That’s not to discourage it, because it’s more than possible but it’s very much a matter of trying to find your own way, because there isn’t a set route at all.
Lots of young conductors find setting up their own orchestra or ensemble is a good way to do it. Or if you happen to be handy on the piano too, then starting by working as a repetiteur training the singers in an opera house can also be a great way to gain experience and find a foot on the ladder. I’ve been lucky in that from the many different sorts of projects I’ve been involved with, word of mouth has led to other opportunities. One of the top classical music agencies took me on at the end of last year (Askonas Holt). An agent’s job is to help you find more engagements and generally manage your career, also assisting with things like arranging your contracts, travel and accommodation, so that you can focus more on what you’re doing musically.
How does it work out as a ‘job’? Who do you work for?
At the moment I’m mostly doing freelance guest engagements – typically for a week at a time – where I work for a particular symphony orchestra or opera house somewhere. The work with Streetwise Opera is a long term 1.5 year engagement, with patches of more concentrated involvement within that period but not usually amounting to more than a few days a month.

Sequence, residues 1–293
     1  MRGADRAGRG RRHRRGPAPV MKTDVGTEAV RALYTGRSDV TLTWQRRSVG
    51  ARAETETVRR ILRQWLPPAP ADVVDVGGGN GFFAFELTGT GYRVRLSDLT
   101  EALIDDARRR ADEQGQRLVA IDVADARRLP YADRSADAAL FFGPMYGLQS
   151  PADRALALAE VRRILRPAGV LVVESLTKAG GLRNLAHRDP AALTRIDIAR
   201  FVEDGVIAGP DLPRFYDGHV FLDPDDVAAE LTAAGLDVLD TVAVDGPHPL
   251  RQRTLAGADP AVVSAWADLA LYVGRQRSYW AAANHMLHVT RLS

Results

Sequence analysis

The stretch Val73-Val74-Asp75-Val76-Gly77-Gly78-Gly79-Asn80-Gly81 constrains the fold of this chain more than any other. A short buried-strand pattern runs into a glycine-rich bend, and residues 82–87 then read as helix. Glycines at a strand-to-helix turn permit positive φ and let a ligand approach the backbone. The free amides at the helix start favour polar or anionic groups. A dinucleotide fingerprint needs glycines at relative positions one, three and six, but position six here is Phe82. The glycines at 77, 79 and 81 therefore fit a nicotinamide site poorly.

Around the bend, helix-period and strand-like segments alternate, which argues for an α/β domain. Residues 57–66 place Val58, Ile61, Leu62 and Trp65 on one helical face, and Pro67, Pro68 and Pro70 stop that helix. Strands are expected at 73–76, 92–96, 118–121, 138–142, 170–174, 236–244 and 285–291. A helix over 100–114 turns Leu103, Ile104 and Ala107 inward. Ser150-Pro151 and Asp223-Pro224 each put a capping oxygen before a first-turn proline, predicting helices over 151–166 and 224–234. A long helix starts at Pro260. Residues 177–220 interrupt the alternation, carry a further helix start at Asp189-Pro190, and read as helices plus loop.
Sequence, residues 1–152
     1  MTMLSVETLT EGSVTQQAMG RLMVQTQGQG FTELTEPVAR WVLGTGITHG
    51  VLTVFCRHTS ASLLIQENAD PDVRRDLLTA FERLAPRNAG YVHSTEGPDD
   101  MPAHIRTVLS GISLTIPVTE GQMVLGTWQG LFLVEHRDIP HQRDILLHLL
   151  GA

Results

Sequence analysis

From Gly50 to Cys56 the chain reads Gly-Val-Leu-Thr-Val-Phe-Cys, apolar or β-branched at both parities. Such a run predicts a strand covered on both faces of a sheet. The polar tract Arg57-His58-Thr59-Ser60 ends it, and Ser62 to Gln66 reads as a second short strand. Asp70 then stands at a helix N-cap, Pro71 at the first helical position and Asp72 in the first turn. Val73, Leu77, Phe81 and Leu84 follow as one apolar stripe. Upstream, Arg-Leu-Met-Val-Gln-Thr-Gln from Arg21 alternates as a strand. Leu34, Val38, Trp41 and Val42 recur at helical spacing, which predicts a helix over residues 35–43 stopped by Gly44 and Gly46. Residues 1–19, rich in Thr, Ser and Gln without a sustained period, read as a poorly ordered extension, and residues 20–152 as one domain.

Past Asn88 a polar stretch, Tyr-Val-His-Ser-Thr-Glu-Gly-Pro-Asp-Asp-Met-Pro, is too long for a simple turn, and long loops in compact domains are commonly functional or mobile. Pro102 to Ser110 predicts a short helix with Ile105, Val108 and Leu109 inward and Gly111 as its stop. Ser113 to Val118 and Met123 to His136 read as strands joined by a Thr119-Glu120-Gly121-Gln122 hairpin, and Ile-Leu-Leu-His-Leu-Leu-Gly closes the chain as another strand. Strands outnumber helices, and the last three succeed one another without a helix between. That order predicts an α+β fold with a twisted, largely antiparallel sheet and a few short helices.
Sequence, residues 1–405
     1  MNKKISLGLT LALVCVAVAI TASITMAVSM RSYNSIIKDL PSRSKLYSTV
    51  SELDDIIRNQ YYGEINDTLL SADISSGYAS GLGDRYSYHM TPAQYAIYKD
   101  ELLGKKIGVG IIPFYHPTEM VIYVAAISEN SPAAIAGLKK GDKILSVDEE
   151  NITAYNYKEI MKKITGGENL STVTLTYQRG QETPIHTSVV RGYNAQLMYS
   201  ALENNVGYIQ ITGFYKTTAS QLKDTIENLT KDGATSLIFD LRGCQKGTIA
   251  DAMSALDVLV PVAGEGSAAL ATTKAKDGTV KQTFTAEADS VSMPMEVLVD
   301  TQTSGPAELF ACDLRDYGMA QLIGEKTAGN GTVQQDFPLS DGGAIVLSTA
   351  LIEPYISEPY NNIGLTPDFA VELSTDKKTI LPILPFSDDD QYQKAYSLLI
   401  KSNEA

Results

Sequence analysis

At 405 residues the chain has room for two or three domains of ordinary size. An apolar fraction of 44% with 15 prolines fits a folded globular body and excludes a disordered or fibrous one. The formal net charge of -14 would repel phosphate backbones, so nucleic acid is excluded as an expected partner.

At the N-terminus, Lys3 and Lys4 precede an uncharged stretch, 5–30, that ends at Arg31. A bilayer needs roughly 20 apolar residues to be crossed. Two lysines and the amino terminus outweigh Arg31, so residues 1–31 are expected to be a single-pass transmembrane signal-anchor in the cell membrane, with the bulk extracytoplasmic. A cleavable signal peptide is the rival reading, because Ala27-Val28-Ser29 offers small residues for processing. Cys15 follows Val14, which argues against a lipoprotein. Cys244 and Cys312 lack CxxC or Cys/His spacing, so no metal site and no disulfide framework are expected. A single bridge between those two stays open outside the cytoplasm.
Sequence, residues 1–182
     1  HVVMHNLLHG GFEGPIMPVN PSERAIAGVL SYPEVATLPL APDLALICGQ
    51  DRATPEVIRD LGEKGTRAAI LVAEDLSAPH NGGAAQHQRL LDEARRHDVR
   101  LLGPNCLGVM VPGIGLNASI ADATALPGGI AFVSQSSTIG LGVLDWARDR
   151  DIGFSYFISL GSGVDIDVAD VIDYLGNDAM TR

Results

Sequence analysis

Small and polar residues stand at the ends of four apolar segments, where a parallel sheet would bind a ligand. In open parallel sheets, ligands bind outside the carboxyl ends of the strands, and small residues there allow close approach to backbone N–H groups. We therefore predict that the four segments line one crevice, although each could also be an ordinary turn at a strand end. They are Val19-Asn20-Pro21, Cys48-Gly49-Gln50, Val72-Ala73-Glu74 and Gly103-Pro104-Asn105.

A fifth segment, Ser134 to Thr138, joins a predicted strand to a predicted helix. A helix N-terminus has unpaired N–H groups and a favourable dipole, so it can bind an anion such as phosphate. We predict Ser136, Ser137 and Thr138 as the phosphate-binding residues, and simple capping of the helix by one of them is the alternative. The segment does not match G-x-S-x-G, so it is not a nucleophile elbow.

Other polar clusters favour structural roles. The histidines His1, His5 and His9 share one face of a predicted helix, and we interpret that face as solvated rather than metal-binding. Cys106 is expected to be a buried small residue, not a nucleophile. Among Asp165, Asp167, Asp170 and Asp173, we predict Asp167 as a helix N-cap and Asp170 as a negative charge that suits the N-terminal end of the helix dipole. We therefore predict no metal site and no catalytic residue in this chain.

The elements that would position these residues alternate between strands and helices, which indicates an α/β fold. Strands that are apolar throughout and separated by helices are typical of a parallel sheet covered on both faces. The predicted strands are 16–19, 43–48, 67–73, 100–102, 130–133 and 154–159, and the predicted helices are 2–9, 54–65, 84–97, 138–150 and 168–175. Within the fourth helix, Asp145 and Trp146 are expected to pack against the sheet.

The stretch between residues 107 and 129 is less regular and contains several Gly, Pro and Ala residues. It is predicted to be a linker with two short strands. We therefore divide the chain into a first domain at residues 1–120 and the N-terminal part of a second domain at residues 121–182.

Opportunities to assist other conductors are also hugely valuable at this stage, and last week I was working with Sir Simon Rattle at the Berlin Philharmonic on Wagner’s Die Walküre, which was incredible.
In the longer term the plan would be to get appointed as Music Director or Principal Conductor of an orchestra or opera company where that’s your main attachment for five years or more and you do a certain number of concerts each season with them in addition to guest engagements. That’s great because in working with the same group of musicians a lot, you can really build on that partnership and relationship, enabling you to realise greater ambitions together and make performances that are more artistically rewarding for everyone.
Education or experience?
It’s always a matter of maintaining a healthy balance. You have to be extremely disciplined as a musician and put in those hours of private practice time, but it’s just as important to immerse yourself in the cultural surroundings - opera, concerts, theatre, art exhibitions, literature, and of all different origins and nationalities too, or even just hanging out with other creative friends.
There are musicians who can become too isolated and practice-obsessed, and in the end it can mean that the music you produce is technically fantastic but lacking a bit of real life and inspiration behind it.